Czech press survey - September 3

published:

updated:
03.09.2014 07:45

Prague - The proposed extension of the Western sanctions against Russia in reaction to its action in Ukraine indicates that a cultural war and maybe a new cold war are on the horizon, Petr Pesek writes in daily Lidove noviny (LN) today.

foto

Lidé s ukrajinskou vlajkou - ilustrační foto. ČTK/AP Evgeniy Maloletka

One of the proposed extended sanctions is the possibility to prevent Russia from participating in big international events, including sport ones, such as the football Champions League.

Though this option is not very realistic, the mere fact that it has been tabled proves that "the animosity between Russia and the West is moving into a new or rather old-new dimension," Pesek points out.

Not only selective measures but broader steps against Moscow are being considered, he adds.

After some 25 years when both the West and Russia were trying if not love than at least understand each other, a new chapter of war is emerging - a commercial, cultural and creeping cold war," Pesek concludes.

"The Calm Force" has returned, which is positive this time, Jindrich Sidlo writes in Hospodarske noviny (HN) today, hinting at the junior government Christian Democrats´ (KDU-CSL) "notorious" election slogan from the mid-1990s.

The Christian Democrats were being mocked over it then and they were blamed for having the only goal to "get in" as if other parties wanted to "stand outside," Sidlo says.

However, he adds, the past year rehabilitated the slogan.

After the KDU-CSL returned to the Chamber of Deputies in the last October elections, its young leadership with chairman Pavek Belobradek shows the better that can be connected with the Christian Democrats - the ability to reach consensus and at the same time stick to their opinions and remind of significant matters, most recently in the case of the anti-Russian sanctions, Sidlo points out.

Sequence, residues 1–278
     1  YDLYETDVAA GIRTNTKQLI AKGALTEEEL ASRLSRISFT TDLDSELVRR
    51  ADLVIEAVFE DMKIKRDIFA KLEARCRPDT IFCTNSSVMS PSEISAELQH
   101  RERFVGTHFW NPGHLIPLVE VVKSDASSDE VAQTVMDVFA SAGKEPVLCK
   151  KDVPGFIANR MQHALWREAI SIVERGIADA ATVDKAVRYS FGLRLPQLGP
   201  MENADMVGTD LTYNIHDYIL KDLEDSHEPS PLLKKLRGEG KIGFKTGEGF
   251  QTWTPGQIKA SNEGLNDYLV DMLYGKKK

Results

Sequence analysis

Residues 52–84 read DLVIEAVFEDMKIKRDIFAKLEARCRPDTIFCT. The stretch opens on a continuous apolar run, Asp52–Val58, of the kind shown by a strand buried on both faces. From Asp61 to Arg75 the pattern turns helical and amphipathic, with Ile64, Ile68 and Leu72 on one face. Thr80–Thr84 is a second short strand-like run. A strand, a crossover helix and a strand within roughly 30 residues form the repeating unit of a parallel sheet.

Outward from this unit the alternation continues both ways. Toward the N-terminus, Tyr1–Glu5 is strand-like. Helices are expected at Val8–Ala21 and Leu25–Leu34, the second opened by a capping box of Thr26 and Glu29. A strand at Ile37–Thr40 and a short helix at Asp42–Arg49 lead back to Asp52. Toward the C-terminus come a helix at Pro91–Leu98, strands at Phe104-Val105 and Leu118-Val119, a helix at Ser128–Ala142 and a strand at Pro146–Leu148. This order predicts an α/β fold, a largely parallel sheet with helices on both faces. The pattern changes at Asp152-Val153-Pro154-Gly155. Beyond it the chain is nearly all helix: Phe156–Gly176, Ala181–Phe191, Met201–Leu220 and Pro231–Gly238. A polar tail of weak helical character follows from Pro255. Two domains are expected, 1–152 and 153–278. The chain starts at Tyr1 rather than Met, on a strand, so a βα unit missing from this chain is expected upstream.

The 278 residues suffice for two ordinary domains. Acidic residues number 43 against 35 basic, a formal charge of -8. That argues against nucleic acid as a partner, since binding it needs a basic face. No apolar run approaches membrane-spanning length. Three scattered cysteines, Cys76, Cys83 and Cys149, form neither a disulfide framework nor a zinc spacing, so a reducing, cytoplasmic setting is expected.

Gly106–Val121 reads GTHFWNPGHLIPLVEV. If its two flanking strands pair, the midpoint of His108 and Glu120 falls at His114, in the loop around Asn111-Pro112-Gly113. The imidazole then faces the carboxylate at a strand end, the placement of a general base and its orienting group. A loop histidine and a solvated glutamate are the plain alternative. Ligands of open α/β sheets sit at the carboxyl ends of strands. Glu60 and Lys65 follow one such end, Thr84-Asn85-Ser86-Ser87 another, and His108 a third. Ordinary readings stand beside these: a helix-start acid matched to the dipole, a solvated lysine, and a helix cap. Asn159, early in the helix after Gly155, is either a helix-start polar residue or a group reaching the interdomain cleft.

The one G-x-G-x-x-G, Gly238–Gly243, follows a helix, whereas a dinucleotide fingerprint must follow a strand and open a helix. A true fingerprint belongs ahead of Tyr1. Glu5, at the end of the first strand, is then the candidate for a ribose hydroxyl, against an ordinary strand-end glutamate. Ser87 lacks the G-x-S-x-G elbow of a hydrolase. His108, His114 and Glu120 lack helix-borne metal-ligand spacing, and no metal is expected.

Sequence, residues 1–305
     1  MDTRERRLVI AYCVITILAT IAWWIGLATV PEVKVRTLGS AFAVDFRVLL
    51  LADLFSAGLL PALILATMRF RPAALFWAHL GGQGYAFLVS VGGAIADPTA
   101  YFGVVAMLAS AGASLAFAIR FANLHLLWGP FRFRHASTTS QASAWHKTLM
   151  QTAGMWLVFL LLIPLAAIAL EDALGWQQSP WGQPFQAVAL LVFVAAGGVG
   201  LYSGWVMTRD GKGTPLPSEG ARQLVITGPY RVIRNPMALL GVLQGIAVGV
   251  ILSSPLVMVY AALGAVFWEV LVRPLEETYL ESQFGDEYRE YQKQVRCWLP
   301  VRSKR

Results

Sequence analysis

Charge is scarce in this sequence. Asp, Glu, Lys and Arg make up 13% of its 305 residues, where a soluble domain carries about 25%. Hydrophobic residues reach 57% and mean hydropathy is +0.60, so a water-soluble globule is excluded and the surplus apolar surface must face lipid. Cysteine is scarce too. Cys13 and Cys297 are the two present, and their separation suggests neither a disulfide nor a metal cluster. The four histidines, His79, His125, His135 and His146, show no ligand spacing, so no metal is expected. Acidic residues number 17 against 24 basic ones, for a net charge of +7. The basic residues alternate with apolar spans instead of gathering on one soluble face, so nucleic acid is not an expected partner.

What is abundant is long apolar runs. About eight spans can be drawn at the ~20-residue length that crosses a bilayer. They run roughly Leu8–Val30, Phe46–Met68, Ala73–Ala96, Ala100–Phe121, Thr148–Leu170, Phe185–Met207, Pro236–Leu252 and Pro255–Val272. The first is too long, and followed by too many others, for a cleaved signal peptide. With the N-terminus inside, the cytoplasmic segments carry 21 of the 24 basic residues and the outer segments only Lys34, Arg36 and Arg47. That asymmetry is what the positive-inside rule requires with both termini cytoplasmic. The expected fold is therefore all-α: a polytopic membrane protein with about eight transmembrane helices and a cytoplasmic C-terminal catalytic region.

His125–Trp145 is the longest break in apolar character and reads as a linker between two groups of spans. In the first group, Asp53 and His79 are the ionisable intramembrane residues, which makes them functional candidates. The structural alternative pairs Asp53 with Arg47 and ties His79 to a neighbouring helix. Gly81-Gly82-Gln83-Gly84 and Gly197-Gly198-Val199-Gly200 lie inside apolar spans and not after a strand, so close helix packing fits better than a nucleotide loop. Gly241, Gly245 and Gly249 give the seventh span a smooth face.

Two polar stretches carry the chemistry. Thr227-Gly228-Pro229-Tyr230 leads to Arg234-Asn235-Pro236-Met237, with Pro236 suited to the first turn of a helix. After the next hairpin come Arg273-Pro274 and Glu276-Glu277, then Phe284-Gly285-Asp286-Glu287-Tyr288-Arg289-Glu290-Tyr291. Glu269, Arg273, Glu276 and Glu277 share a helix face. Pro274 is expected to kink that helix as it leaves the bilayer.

He adds that the KDU-CSL seems to be the only government member to defend them.

After years, the KDU-CSL shows why even small parties are meaningful on the Czech political scene, Sidlo says.

The "most useful friend" of Czech President Milos Zeman is apparently Finance Minister and Deputy PM Andrej Babis, chairman of the government ANO, Alexandr Mitrofanov writes in Pravo today.

Zeman warned MPs on Tuesday that he would veto the civil service bill, on which the government had agreed with the opposition thanks to a number of concessions, if the posts of political deputy ministers were preserved in it.

However, if the cabinet, commanding a clear majority in the Chamber of Deputies, is united, it can resist the president´s wilfulness easily. This is why Zeman should find a "friend" inside the government´s camp, which has happened, Mitrofanov writes.

Babis said he would try to persuade the rest of the government coalition to make an accommodating gesture towards Zeman. Though the other coalition partners, the Social Democrats (CSSD) and Christian Democrats (KDU-CSL), do not seem to be willing to do so, "it is an important signal," Mitrofanov adds.

It shows to whom Zeman can turn if he needs to challenge PM Bohuslav Sobotka (CSSD), he adds.

Written by:
www.ctk.cz

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